Caution! Off scene events may affect your story.

 Written by Neil Sehmbhy

What happens when your Main Characters are not in the scene, can affect your story. How do you make sure this doesn’t cause problems?


Art: By Sven Auer

Point of View is an important part of your story. The character or the narrator of a scene has a particular spot from which it views the events taking place. It does not matter how many points of view (POV) you include, it is not viable for you to capture all of the events that might influence the story. Even simple children’s stories have unanswered questions:

Why didn’t the little pigs go back to their mother? 
Who told Humpty Dumpty that sitting on the wall was a good idea?
What was Red Riding Hood’s Mother doing, whilst she was running around  the forest being followed by the wolf?

So what constitutes “off scene” action?

Basically anything that impacts the actions that you see, but which you are not actually shown in the narrative.
It can be in the form of a motivation (in the Humpty Dumpty’s Example), background (why the pigs were not welcome back at home), or merely filling in the missing details of what other characters are up to (Red’s Mother).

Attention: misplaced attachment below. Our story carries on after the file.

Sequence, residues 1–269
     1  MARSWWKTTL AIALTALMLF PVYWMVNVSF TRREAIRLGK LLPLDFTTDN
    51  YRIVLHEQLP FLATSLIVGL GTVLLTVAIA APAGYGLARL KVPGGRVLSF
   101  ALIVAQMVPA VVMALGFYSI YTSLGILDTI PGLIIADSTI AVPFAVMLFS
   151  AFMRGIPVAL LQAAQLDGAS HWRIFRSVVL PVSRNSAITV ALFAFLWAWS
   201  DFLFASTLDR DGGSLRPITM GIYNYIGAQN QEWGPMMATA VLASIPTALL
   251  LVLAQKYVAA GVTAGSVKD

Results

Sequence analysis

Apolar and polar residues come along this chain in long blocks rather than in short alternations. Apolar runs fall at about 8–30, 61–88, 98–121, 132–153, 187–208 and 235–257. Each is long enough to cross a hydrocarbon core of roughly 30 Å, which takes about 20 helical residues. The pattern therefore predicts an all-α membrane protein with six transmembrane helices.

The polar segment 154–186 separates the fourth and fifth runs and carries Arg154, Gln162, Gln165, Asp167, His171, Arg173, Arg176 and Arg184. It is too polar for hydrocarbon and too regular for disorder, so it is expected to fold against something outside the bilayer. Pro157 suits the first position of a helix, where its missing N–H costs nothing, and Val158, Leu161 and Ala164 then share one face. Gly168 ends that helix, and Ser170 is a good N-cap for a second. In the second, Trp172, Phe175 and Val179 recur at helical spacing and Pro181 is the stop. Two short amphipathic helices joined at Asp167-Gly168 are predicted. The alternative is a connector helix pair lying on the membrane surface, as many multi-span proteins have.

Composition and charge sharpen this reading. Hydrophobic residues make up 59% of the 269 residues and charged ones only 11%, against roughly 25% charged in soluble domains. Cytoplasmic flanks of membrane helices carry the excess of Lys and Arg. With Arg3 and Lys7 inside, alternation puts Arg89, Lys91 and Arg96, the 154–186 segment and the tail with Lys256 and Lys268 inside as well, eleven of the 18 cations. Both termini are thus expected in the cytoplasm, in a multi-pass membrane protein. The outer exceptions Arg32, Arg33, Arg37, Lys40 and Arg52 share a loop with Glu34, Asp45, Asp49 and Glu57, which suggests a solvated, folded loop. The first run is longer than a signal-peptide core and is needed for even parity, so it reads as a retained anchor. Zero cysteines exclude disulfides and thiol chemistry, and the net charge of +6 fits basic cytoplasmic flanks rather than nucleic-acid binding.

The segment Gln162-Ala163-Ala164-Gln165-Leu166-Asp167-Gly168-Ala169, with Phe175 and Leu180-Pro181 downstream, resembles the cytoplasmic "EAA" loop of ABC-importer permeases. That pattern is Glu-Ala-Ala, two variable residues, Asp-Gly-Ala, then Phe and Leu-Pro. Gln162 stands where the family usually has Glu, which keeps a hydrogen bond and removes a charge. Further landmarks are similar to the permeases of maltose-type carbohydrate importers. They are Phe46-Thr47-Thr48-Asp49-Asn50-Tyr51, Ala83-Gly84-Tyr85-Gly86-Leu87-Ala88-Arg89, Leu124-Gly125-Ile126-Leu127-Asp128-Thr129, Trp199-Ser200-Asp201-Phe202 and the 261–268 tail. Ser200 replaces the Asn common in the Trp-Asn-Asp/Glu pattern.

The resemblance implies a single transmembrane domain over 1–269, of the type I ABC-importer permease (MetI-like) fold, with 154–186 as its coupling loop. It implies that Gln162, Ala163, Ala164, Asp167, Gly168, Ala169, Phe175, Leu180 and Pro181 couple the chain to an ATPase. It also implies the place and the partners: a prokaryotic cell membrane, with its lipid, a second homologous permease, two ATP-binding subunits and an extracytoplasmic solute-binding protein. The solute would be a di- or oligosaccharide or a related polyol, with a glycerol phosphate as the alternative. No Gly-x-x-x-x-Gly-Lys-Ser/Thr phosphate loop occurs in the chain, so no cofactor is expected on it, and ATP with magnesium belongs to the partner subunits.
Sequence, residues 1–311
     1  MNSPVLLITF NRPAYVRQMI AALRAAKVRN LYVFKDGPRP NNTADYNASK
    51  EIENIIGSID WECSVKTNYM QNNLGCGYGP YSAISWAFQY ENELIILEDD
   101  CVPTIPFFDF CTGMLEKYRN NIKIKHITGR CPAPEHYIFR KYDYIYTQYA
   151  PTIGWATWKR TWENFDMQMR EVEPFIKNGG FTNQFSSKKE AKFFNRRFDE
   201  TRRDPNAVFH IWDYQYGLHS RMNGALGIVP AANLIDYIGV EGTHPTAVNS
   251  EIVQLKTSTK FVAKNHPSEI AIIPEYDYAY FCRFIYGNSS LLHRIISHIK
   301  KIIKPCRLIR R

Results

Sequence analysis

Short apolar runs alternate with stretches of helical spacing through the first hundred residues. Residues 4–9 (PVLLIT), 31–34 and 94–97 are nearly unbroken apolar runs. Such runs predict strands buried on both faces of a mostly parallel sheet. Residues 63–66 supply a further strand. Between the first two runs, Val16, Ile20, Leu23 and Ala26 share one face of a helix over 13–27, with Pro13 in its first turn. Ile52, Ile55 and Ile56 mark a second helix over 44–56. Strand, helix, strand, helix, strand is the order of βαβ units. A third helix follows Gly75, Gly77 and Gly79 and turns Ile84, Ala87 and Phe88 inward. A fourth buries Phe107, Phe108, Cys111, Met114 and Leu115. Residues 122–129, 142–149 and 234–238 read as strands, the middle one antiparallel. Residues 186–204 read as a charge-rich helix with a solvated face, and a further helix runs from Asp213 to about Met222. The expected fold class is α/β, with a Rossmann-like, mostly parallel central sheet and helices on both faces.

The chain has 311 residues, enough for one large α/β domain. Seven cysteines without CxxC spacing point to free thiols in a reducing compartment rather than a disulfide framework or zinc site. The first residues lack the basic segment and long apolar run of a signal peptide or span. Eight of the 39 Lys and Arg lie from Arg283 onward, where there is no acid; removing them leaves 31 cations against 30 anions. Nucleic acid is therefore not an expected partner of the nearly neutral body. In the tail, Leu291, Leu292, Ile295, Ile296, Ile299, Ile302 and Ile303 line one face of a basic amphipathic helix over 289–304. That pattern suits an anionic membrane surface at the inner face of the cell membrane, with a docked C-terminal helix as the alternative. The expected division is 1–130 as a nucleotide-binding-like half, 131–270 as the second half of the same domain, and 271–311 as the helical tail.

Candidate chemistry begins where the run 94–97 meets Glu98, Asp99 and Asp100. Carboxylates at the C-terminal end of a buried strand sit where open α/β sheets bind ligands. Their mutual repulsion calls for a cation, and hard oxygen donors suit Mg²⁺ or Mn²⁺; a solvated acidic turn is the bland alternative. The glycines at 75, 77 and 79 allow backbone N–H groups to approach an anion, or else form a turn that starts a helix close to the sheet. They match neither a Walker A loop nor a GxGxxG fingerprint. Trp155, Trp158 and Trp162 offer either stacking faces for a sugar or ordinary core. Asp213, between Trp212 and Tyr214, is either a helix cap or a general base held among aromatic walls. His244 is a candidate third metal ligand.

Does it  even matter?

Not all off-scene action matters, but it ought to be considered. Selecting the narrative, helps you decide what the reader needs to see, know, and what information they need to come away with as they leave a scene. But within a writer’s mind, there is always more of the story bubbling away than what is revealed. These threads link to characters backgrounds and can influence reactions and events that play out latter on in the story.

How can Off-Scene events affects On-Scene events?

Hardly any story takes place in a vacuum. There are always outside influences.

From the examples above, how does the tone of the story change if Humpty Dumpty had been sent to sit on the wall to keep a look out for the invading King’s army? What if the King’s men were trying to put him back together again to get information on the rebel uprising?
In the Three Little Pigs, maybe the mother Pig had sent the pigs away following a pact she had made with the Wolf to save her own hide? What if she was due to inherit a fortune if they perished?